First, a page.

Can Alternative Medicinal Techniques Treat Fibromyalgia
3.7 million people suffer from fibromyalgia in the United States. 25 percent of people suffering from this health issue are work disabled. It is more common in women than in men. Its symptoms include fatigue, muscle pain, sleeplessness, anxiety and irritable bowel syndrome. Many people are now trying alternative treatment techniques to get relief from fibromyalgia. They either cannot afford the costly and conventional medicinal techniques or are frustrated with the side-effects of modern medicines. The Congress has now formed the National Center for Complementary and Alternative Medicine (NCCAM), a part of the National Institutes of Health (NIH), to guide the general public properly on alternative medicines. This article tries to understand how effective herbs and other complementary medicinal practices are in treating fibromyalgia.
Herbs: The herb St. John’s Wort is effective in treating depression naturally. Depression is commonly associated with fibromyalgia. The effectiveness of this herb in treating fibromyalgia is debatable. It is because there is no specific clinical evidence to support the effectiveness of this herb against fibromyalgia.
5-HTP (5-Hydroxytryptophan) Supplements: It is a powerful chemical with which the hormone serotonin is made up of. Hormones are naturally present chemical substances which assist the organs of our body to function properly. Serotonin hormone plays a vital role in regulating our mood and sleep. Imbalance in this hormone can cause sleeplessness and depression. These are a couple of common symptoms associated with fibromyalgia. According to a study published in the Alternative Medicine Review, taking 5-HTP supplements can reduce pain and increase deep sleep in patients.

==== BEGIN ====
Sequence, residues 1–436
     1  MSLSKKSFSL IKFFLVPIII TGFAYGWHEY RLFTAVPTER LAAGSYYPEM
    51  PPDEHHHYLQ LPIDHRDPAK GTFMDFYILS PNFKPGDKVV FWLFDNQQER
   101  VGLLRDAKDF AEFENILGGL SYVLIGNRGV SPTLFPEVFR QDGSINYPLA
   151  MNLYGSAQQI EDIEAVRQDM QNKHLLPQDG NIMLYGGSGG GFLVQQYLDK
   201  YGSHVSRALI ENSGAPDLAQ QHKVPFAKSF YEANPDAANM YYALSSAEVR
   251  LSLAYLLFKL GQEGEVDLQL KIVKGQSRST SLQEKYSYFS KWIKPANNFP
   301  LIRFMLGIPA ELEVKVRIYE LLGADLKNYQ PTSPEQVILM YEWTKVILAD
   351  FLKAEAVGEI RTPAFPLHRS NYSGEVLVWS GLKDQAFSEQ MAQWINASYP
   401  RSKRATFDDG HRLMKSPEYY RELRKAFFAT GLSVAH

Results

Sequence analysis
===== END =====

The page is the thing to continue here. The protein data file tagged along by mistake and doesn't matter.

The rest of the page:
Magnetic Therapy: Researchers from the University of Virginia carried out a test on 94 people suffering from fibromyalgia. They divided the patients into four groups. Volunteers from group one were made to sleep on specially designed magnetic therapy mattresses, which covered the whole body. The magnetic mattresses of the second group volunteers covered only specific parts of the body with magnetic energy. The other two groups were given either pseudo magnetic therapy treatment or no treatment. At the end of the study, there was great relief from pain in the volunteers of first two groups. No such relief was found in the volunteers from the other two groups. Their results were published in the Journal of Alternative and Complementary Medicine.